We Need to Learn to Live in the Paradoxical State of Weeping and Rejoicing
April 9, 2019
by Blaire Ostler
Submitted to Affirmation following The Church of Jesus Christ of Latter-day Saint’s reversal of their November 2015 policy changes that prohibited children of LGBTQ parents from being blessed and baptized and characterized members of the church entering into same-sex marriages as apostates. These changes became known within the LGBTQ Mormon community as the “exclusion policy,” “policy of exclusion,” or “PoX.” The day after the reversal of this policy was announced, Nathan Kitchen, President of Affirmation, invited anyone willing to and share their authentic feelings and all their stories of grief, anger, relief, sadness, happiness, confusion, whatever they may be that surround the rescinding this policy. “As President of Affirmation, I want to be sure Affirmation does not hide you or your stories as we move forward,” wrote Kitchen in his invitation. If you have reactions or a story to share about the reversal of the exclusion policy, please send to [email protected]. You can also read other stories and reactions to the reversal of the exclusion policy.
Within regards to the most recent policy changes, there are some things I’d like you to know.
Please know that queer folks have been deeply injured by the Policy of Exclusion (POX) and so far as I’m concerned queer folks can take all the time we need in processing these most recent changes. These policies aren’t just theory or tangential for us. They are lived experiences for us and our children.
Please know, for some queer folks, this is a textbook abusive relationship. The abuser hits you, then they do something remorseful. They hit you again a few days later, then do something remorseful. Round and round we go. The queer community is experiencing whiplash. Allies, please be sensitive that when you celebrate the remorse of our abuser (which isn’t inherently wrong in and of itself) it feels like you forgot we are still healing from the last time they hit us.
Please know you don’t get to tell a victim of abuse when it’s time to forgive, move on, and celebrate. We will do that when we are ready, and each of us will do that differently. That pain and trauma don’t just disappear with a policy change, or even an apology (which still has not happened).
Please know I stand firmly that queer folks who have been excommunicated and/or disciplined for LGBTQ+ issues should have their excommunication repealed and issued a full reinstatement. I think the children who had to have their baby blessings and baptisms canceled should be issued an apology. Yes, I think the brethren, as stewards of the Church, should apologize to the children affected by the POX.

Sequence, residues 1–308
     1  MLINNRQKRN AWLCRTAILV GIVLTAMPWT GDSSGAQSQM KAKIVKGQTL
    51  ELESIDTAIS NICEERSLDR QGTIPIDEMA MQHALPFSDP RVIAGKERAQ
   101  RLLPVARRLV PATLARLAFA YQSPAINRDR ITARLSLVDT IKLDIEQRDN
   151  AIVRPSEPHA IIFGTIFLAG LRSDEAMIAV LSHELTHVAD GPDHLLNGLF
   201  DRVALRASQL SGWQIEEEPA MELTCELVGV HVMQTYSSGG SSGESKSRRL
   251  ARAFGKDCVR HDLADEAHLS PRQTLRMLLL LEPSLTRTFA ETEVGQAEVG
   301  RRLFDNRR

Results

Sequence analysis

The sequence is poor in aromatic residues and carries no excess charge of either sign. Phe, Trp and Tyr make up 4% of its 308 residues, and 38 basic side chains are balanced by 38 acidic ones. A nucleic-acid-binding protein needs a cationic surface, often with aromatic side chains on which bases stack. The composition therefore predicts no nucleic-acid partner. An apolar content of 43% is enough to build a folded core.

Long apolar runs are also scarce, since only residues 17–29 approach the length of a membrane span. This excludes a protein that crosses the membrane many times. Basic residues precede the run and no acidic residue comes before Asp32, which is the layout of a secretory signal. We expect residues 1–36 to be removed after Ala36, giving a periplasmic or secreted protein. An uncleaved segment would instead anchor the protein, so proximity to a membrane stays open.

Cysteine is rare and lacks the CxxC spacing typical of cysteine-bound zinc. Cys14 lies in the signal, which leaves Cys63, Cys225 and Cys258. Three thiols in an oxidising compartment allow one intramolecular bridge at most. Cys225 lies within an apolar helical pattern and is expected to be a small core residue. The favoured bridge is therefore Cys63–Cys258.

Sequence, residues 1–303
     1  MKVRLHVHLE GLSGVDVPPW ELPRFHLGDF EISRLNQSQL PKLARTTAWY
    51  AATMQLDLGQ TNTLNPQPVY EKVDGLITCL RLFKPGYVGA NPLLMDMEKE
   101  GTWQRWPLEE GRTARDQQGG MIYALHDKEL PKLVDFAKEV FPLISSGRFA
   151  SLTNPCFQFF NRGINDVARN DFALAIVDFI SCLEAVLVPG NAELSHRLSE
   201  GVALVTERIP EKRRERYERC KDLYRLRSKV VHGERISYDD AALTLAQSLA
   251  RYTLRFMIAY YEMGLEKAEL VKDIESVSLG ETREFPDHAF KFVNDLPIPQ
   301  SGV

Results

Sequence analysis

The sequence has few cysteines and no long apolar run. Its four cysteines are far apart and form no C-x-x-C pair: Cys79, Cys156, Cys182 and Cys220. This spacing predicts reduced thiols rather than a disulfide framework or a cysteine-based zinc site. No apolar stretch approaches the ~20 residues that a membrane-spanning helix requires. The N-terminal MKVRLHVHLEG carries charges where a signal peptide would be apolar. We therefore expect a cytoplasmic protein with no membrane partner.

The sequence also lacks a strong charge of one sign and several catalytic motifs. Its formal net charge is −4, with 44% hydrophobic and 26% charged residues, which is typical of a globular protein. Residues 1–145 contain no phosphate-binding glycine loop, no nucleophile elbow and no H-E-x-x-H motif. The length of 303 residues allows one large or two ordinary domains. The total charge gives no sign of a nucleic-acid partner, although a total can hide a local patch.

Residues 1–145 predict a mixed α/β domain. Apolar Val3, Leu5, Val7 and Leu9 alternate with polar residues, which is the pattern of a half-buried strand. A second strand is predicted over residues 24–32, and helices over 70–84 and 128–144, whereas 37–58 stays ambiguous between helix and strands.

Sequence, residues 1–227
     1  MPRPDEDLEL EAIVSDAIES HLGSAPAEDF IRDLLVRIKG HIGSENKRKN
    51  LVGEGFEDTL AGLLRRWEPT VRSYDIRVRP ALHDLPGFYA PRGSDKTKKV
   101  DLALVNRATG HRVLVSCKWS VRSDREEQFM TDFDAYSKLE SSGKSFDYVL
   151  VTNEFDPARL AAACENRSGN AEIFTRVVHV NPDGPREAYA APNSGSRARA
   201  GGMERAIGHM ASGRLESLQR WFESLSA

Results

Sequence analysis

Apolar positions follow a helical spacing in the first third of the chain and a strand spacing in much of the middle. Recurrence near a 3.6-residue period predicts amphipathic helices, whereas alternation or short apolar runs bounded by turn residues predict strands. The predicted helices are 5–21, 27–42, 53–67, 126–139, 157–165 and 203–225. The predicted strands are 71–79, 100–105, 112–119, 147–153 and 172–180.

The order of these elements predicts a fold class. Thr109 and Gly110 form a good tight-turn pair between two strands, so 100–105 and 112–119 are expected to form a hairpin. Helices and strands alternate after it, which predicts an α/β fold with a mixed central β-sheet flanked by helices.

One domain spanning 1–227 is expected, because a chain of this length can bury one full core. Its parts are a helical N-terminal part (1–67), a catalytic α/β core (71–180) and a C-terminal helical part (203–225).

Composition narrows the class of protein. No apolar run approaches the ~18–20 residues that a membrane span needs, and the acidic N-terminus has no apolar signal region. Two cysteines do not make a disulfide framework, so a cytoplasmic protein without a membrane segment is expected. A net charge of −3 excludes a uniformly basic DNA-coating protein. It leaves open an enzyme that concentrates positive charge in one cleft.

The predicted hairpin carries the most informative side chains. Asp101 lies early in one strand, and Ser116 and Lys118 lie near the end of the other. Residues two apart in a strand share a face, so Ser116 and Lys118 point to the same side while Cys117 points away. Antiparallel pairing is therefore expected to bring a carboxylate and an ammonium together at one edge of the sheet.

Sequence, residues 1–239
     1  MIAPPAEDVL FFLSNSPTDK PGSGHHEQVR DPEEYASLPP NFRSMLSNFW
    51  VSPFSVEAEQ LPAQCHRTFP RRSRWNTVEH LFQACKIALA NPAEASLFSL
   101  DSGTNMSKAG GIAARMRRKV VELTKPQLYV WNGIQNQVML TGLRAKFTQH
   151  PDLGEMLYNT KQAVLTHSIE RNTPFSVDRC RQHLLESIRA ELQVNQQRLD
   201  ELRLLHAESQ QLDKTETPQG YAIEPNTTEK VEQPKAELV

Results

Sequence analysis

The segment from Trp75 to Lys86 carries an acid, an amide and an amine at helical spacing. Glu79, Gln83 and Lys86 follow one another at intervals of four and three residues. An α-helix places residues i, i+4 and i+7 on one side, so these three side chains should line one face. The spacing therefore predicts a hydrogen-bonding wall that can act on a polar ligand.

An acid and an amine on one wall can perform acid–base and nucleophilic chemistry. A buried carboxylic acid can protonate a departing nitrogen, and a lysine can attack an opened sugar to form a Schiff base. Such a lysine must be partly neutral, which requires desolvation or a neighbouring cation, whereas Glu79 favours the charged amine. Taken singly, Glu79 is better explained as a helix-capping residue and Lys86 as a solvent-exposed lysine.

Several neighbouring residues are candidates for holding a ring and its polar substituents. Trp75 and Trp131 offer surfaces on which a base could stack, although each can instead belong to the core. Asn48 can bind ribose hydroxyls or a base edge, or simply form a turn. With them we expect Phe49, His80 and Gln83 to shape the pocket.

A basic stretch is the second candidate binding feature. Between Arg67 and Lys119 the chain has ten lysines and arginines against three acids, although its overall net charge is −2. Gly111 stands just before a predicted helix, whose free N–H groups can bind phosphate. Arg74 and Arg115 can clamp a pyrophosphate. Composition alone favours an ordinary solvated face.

Please know we need to learn to live in the paradoxical state of weeping and rejoicing (Romans 12:15). We are allowed a full range of emotions. You are allowed to feel anger, frustration, joy, elation, pain, sorrow, hope, skepticism, faith, and forgiveness. I am feeling all these emotions at this very moment, and they are not mutually exclusive.
Please know this policy still does not address concerns of gender. Trans men and all women (queer, straight, cis, trans, intersex, or otherwise) are still denied full participation in these rituals. Until all genders are ordained, our rituals will continue to be exclusionary even beyond the queer community and the POX.
Please know I celebrate this drop in the bucket, because that’s how buckets get filled. Change tends to be slow and painful for those of us that had to fight for every drop. Activism doesn’t come with a gold star for the activists who made it possible. Some will despise and ridicule us for our work to stop the abuse and then in the same breath praise the abuser who finally listened to us. Activism isn’t about popularity. It’s about filling the bucket with each essential drop even though people will despise you for it. I celebrate this drop with you, because this was our drop. It was our queer activism that made this specific drop possible.
Please know that overall these are good changes. This paves the groundwork for further improvement, if only in potential. It’s a step in the right direction. So far as these changes are laying the foundation for more inclusion, I support them.
As for the Church and its leaders, please know, that I thank you for listening. You did the right thing and I applaud your willingness to reverse these policies. But please, don’t hit me again. Don’t take advantage of my willingness to reconcile with you as an opportunity to hit me again.
Sincerely, a Queer Mormon Sister